We left Isle of Shoals at 7:00 am on Saturday morning for a run of 46 nautical miles to Scituate, Massachusetts.
It was a day with not much to photograph as we traveled back to Scituate, Massachusetts our first repeat stop of our summer cruise. I noticed an unusal pair of lighthouses to the west. Curious again, I learned these were the “Twin Lighthouses” or Cape Ann Light Station on Thatcher Island, one mile offshore of Rockport, MA.
The Watch and Wait, a vessel captained by Anthony Thatcher was wrecked in a serious storm near the island in 1635. The disaster claimed the lives of 21 passengers and crew. The original 45-foot towers were constructed and lit in 1789; making them among the oldest of America’s lighthouses
Along the way, thanks to that awesome Krogen Finder app (affectionately known as the “stalker app”) we were in touch via the VHF and texts with Acadia, another Kadey Krogen. We both ended up in Scituate.
Sunday morning was our Cape Cod Canal day and timing that right meant a late morning departure so that we wouldn’t be fighting the current in the canal. Unlike our north and east bound trip through the canal, it looked like we would actually be able to see the canal. The day was bright and breezy, and much less humid than the past few days.
We anchored in Onset in front of Wickets Island again.
Monday morning was another early departure so that we would have a favorable current down Buzzards Bay. We left at 5:45 am and arrived in Cuttyhunk in just 3 hours, in time for breakfast.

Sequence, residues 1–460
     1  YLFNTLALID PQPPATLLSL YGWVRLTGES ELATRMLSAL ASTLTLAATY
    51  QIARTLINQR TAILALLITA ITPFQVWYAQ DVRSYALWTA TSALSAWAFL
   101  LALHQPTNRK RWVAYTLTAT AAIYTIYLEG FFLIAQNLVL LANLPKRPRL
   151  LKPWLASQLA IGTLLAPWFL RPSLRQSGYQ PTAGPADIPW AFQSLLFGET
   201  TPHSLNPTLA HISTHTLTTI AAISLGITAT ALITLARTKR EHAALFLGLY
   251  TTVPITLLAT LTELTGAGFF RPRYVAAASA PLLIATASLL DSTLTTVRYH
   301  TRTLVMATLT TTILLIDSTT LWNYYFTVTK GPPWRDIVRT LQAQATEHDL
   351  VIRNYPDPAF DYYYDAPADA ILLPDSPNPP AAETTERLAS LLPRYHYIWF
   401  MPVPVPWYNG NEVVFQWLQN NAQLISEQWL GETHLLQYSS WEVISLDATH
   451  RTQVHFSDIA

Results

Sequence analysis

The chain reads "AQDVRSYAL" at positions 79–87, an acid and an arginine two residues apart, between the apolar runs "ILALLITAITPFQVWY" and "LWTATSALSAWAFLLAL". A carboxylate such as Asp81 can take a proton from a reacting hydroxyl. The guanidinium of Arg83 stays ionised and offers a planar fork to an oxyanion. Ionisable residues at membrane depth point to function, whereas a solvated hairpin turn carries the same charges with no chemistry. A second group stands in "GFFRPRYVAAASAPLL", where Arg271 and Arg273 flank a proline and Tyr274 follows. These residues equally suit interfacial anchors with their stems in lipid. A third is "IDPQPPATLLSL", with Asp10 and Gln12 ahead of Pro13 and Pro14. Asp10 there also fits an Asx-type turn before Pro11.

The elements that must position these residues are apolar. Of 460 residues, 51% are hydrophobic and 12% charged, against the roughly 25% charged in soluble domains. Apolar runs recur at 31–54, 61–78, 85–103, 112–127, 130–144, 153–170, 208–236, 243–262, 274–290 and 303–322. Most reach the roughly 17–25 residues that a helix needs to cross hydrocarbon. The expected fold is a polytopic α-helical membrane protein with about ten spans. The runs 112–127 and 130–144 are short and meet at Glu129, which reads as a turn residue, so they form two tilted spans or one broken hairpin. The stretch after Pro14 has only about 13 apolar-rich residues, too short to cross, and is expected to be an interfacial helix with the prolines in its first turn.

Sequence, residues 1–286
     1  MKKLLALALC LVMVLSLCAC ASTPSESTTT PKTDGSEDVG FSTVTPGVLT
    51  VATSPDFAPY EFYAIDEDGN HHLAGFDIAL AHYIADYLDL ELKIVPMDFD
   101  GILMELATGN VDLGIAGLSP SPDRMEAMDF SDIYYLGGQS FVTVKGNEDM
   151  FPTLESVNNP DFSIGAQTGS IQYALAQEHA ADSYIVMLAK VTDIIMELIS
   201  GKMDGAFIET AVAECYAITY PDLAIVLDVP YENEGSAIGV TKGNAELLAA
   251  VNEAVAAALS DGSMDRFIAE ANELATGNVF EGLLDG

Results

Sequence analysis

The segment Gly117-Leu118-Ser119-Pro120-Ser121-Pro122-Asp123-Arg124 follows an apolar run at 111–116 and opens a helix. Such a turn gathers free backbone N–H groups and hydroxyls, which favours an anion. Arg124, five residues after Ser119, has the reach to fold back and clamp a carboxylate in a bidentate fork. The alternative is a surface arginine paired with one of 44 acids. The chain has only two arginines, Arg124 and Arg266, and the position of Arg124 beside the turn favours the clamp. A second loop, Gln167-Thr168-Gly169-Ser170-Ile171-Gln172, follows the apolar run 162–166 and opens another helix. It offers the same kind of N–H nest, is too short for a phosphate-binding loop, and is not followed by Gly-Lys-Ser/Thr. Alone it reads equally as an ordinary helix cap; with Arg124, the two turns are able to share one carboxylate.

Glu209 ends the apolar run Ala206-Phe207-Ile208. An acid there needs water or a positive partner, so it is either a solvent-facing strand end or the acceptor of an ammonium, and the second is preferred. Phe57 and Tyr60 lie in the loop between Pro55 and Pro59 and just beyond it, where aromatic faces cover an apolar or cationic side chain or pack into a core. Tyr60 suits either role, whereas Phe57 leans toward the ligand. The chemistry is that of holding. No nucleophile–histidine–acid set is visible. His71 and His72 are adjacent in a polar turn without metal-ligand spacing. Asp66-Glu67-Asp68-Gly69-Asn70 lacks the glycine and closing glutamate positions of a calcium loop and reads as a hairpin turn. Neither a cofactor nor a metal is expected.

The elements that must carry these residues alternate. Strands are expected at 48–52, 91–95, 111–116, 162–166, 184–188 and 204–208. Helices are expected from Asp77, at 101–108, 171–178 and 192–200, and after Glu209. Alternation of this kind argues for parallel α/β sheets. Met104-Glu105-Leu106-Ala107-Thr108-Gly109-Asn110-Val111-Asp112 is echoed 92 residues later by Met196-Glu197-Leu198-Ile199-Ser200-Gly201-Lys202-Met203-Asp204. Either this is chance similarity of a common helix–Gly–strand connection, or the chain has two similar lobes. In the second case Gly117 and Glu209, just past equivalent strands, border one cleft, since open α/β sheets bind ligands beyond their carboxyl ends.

We had the whole day ahead of us at Cuttyhunk and decided to stay the next day, too, after three travel days in a row. I’ve done other blog posts about Cuttyhunk – In 2017, 3 Weeks, 4 Islands, 6 Harbors and in 2019, Block & Cuttyhunk, so this is just a refresher with a few new observations.
We really, really needed to stretch our legs, so I pulled on my yellow rubber boots and we dinghied to the outer harbor beach to take a walk. 20-25 years ago we would find handfuls of sea glass here, but not so much anymore. It’s really disappointing, because it is harder for me to even get off on a beach, and there is less sea glass everywhere. I think that is due to two factors. 1) Environmental consciousness and recycling which is hard to argue with. IMHO, sea glass is special and should be exempt. 2) More people hunt for sea glass now than did before so the completion is stiffer.
Cuttyhunk has become much more crowded over the years. The inner harbor mooring field has expanded and the moorings are very close together. The outer harbor now has an ever-increasing number of moorings as well. We were shocked to learn the mooring fee is now $55 per night. That’s a lot for no services other than a ball with an anchor block.
Ice cream on the docks was always one of our must-do activities when at Cuttyhunk. But, alas, that has changed as well.
We continued our tradition of breakfast at the Cuttyhunk Fishing Club B&B. On our walk there, we noticed some new sights.
It is comforting to see the usual Cuttyhunk sights, the gray cedar houses, the US Coast Guard Station, the ferry from the mainland.
Our final 50 nautical miles were next.
We know we are almost home to SYC when we see these landmarks —
And then we were back at our homeport in Groton, really just in time. The track of Henri, a tropical storm/hurricane, is aiming for New England (as of Thursday evening.) We had nearly 6 weeks of decent weather with only a few rainout days, fog that usually disappeared by late morning, and incredibly comfortable sea conditions. Why push our luck? It’s good to be home!
I still have some thoughts and reflections about our first cruise to Maine. After the dozen loads of laundry are finished, the house pantry and refrigerator are restocked, we see family and friends again, and catch our breath, I will tackle that.